The Commission was set up to investigate what more needs to be done to ensure Britain has a fitting memorial to the Holocaust and the right resources to educate future generations about the genocide, in which an estimated six million Jews were killed.

Spielberg, whose USC Shoah Foundation has filmed about 52,000 two-hour eyewitness accounts in 34 languages and in 58 countries, told the gathering: “The singular perspective of those who were there is vital. You are teachers of the next generation. The power of your stories is an inspiration to me and people the world over.”

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Film Reviews: Ida, The German Doctor, The Lady in Number Six: Music Saved My Life echo the Holocaust’s repercussions

[From The National Post]

The Holocaust continues to cast a long and varied shadow over our cultural landscape. Seventy years on, with the number of actual survivors dwindling, the stories and lessons from that time continue to echo through generations, and across the planet. This week sees the opening in Toronto of three films dealing with the Holocaust and its repercussions.

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Learning about the Jewish Holocaust through arts at the UN

[from Women News Network]

United Nations, New York, U.S., NORTH AMERICA: From Adolf Hitler’s rise to power in 1933 until the 1945 liberation, music played an integral role in daily life under Nazism, as illustrated at a United Nations event which used the medium of the arts to communicate fragments of the lives of victims of the Holocaust.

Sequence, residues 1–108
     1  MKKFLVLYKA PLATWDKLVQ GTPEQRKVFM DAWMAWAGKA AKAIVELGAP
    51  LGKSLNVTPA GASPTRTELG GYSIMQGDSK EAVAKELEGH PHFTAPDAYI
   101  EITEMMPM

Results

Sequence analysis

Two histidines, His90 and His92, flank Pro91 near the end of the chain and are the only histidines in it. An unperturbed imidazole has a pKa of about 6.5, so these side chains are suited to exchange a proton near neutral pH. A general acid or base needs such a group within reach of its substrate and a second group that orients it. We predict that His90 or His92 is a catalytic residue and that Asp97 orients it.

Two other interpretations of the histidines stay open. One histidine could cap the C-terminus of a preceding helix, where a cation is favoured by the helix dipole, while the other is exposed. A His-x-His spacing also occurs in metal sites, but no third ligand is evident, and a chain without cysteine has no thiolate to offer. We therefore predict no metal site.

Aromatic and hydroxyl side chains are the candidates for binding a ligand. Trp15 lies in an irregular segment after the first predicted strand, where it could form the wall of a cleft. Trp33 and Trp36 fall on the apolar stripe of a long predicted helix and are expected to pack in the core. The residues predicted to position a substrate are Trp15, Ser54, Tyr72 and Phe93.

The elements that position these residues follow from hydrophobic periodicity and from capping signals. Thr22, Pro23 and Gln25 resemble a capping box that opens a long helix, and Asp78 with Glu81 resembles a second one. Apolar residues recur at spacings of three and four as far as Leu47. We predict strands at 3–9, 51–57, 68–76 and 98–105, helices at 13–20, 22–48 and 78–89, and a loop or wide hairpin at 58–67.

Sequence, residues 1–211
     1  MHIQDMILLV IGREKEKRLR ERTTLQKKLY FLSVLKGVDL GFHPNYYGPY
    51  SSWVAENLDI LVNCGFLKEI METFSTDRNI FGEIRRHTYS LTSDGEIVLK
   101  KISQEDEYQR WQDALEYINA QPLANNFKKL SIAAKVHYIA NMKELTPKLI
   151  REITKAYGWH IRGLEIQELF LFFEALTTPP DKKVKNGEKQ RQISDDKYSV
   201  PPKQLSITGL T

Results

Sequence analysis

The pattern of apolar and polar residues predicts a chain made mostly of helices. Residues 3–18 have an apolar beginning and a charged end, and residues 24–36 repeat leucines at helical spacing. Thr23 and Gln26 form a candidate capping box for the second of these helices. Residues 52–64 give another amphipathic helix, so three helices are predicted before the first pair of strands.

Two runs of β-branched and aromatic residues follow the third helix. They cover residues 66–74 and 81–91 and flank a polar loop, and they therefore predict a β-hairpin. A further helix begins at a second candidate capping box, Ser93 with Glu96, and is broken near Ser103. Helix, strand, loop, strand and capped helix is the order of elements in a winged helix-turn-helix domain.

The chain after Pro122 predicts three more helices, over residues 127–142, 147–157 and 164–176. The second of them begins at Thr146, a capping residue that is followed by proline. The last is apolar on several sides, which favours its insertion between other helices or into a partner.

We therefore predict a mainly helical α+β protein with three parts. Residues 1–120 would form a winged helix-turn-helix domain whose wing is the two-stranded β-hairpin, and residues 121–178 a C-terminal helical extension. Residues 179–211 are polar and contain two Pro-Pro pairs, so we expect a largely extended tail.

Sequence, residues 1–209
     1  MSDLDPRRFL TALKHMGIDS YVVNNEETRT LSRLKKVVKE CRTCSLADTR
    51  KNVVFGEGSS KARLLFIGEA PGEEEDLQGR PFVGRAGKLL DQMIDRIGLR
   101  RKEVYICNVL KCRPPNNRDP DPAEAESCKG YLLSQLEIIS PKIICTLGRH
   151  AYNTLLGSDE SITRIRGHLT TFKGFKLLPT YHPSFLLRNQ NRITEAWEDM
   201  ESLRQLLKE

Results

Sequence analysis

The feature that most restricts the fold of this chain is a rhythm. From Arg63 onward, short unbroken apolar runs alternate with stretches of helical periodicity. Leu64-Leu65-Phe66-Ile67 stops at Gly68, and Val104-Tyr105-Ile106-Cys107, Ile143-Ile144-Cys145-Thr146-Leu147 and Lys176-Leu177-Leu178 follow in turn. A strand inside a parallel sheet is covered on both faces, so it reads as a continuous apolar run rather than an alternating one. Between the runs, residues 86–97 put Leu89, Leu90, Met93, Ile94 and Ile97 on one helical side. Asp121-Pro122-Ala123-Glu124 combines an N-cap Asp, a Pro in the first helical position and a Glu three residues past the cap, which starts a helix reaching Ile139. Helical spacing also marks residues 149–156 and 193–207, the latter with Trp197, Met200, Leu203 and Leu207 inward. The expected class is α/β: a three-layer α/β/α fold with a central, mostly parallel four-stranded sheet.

“It give us a deep, nuanced and complicated sense of who these human beings were who experienced these terrible things and how they responded,” said scholar Shirli Gilbert about music that survived the Holocaust.

“And helps us to see them not as a faceless mass of six million people but as individuals who came from different places, from different backgrounds, and understood what was happening in different ways.”

Working in partnership with Clive Marks, who spent most of his life studying European history and music, and who was awarded the Order of the British Empire by Queen Elizabeth II in 2005 for his philanthropic efforts, Ms. Gilbert created an on-line resource for music associated with and played during the Holocaust. The website is part of the Organis  ation for Rehabilitation through Training (World ORT).

“In his second symphony, Arthur Honegger writes about the streets of Paris during the German occupation the streets on a wet Sunday afternoon, and you actually feel that you can see the greyness of it all,” Mr. Marks said in an interview alongside Ms. Gilbert ahead of the special event, Learning about the Holocaust through the Arts. Organized by the Holocaust and the UN Outreach Programme, the event was held in partnership with the Permanent Mission of Israel to the United Nations and the World Jewish Congress.

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Blog stats: 15,000

Today the blog recorded 15,000 hits, a major landmark